'Tammy' Review Roundup: Melissa McCarthy's Latest Comedy Vehicle Falls Flat With Critics
Tammy, the summer comedy starring, written by and produced by Melissa McCarthy, tells the story of a down-on-her-luck woman hitting the open road with her grandmother.
Titular character Tammy gets fired from her job and finds out her husband is cheating on her on the same day. This leads her to embark on a road trip with her boozy grandmother (Susan Sarandon). At first, the discordant twosome is meant to travel to Niagara Falls, but circumstances eventually divert their path. On the road, they stop by Tammy’s mother’s (Allison Janney) home and find a father-son duo to double date with.
Tammy, written by McCarthy and her husband Ben Falcone, who is making his directorial debut with the picture, was not the flick reviewers were hoping it would be. According to critics, Tammy never finds its tone – wavering between slapstick comedy and pratfalls and darker themes that never quite gel. Furthermore, McCarthy’s boorish shtick appears to have worn out its welcome.
“Tammy, the new movie starring, produced and cowritten by Melissa McCarthy, could be an artifact from some alternate universe: the creatures there resemble Earthlings but have an entirely different and debased idea of what’s funny. Arriving in time for the July 4th weekend, Tammy has the effect of a shoddily manufactured firecracker that weakly goes off in your hands — leaving no permanent damage, just a bitter memory.” – Richard Corliss, Time Magazine
“Tammy (Melissa McCarthy) is a likable mess with a chronic inability to get it together. So is Tammy — a collaboration between McCarthy, who co-writes with her husband, Ben Falcone, who also directed. It’s a shame, because McCarthy is great at playing the female schlub, and that nascent genre is in need of a good poster girl. But this pastiche of sitcomy episodes never gels into a plot.” – Sara Stewart, New York Post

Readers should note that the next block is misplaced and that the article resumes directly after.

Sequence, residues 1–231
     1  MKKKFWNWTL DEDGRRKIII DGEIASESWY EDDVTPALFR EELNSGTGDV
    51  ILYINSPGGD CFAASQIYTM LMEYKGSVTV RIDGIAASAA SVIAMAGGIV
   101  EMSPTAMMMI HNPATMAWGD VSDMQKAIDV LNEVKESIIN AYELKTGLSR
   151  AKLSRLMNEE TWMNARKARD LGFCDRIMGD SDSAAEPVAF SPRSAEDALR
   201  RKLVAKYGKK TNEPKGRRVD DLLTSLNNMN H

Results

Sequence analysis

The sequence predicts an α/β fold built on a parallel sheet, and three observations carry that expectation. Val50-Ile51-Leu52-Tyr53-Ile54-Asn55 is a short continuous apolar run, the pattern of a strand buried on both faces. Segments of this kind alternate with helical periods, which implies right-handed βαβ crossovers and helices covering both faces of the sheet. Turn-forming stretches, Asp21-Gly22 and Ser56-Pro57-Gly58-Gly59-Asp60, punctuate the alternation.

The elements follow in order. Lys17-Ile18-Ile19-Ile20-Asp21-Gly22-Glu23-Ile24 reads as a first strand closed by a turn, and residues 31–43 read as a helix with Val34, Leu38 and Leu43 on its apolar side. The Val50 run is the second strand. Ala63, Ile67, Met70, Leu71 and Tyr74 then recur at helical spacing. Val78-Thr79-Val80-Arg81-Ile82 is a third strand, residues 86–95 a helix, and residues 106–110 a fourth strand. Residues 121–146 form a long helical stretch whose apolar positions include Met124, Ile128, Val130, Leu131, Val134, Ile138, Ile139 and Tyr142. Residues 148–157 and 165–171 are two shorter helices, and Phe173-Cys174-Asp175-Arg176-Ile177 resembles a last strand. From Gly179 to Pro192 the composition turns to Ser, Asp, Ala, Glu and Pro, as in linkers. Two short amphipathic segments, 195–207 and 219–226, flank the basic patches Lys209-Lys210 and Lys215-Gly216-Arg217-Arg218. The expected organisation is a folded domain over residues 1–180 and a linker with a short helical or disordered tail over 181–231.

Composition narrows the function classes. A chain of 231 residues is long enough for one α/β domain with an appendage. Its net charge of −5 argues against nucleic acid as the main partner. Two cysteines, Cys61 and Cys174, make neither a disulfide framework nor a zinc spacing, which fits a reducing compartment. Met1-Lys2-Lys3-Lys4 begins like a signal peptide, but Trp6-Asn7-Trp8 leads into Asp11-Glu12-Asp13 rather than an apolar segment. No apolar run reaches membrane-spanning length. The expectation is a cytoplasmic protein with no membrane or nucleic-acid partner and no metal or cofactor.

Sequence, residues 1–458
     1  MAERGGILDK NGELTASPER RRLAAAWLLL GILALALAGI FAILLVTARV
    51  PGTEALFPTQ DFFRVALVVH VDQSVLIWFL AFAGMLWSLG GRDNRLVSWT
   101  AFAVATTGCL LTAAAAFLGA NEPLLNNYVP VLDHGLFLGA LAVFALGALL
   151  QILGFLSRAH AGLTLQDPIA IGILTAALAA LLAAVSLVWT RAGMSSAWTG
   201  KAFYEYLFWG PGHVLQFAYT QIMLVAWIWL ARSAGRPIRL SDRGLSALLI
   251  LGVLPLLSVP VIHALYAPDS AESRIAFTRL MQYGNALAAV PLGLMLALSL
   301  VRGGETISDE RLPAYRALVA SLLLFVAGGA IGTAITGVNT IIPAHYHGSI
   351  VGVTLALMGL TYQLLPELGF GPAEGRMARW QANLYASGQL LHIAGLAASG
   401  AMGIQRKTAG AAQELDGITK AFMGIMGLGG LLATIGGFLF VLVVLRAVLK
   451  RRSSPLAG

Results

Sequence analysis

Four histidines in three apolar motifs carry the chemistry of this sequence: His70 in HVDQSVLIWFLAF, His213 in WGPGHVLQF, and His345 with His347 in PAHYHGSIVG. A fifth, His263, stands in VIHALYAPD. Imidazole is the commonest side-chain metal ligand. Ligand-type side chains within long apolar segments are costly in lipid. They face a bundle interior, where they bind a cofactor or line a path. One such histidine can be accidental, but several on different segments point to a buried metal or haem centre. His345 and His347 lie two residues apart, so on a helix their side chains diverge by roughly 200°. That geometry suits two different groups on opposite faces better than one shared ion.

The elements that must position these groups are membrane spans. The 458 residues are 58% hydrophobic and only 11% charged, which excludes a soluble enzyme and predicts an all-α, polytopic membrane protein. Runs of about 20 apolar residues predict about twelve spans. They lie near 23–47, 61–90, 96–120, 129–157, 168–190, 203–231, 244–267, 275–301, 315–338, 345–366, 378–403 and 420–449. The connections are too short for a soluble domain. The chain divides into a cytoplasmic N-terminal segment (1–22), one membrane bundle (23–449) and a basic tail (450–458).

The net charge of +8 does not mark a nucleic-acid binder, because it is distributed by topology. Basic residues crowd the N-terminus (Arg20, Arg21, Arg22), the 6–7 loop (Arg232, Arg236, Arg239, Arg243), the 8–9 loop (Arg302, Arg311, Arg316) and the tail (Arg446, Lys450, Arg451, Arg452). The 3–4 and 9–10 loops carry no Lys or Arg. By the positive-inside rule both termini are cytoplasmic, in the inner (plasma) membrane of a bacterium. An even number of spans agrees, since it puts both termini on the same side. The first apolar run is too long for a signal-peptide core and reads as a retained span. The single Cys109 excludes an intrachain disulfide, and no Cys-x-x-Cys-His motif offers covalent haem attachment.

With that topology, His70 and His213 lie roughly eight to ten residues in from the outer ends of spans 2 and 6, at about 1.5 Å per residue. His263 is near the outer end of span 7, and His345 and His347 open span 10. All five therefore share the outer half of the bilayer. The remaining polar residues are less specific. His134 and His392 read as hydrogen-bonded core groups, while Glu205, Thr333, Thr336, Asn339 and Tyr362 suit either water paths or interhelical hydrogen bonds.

“Her skin an angry shade of sunburned red, her hair a frizzled mass of bleached split ends, she blusters and bullies her way through a misbegotten movie that starts badly and ends worse. Tammy, McCarthy’s character, is a graceless, obnoxious, thoroughly unpleasant young woman. […] Tammy is a bummer, not least because McCarthy’s fans know she’s better than this. We all miss Sookie, but we miss Melissa even more.” – Ann Hornaday, Washington Post
“Ben Falcone, McCarthy's significant other, makes his directing debut with Tammy and shows he's blinded by love. […] Unfortunately all that love does not translate into an amusing or poignant movie — both of which the couple is going for in their screenplay collaboration. There are some laughs and, at least on screen, more than a few tears. But it doesn't come together with the kind of satisfying punch a comedy should deliver.” – Betsy Sharkey, Los Angeles Times
Tammy, rated R, is currently in wide release.
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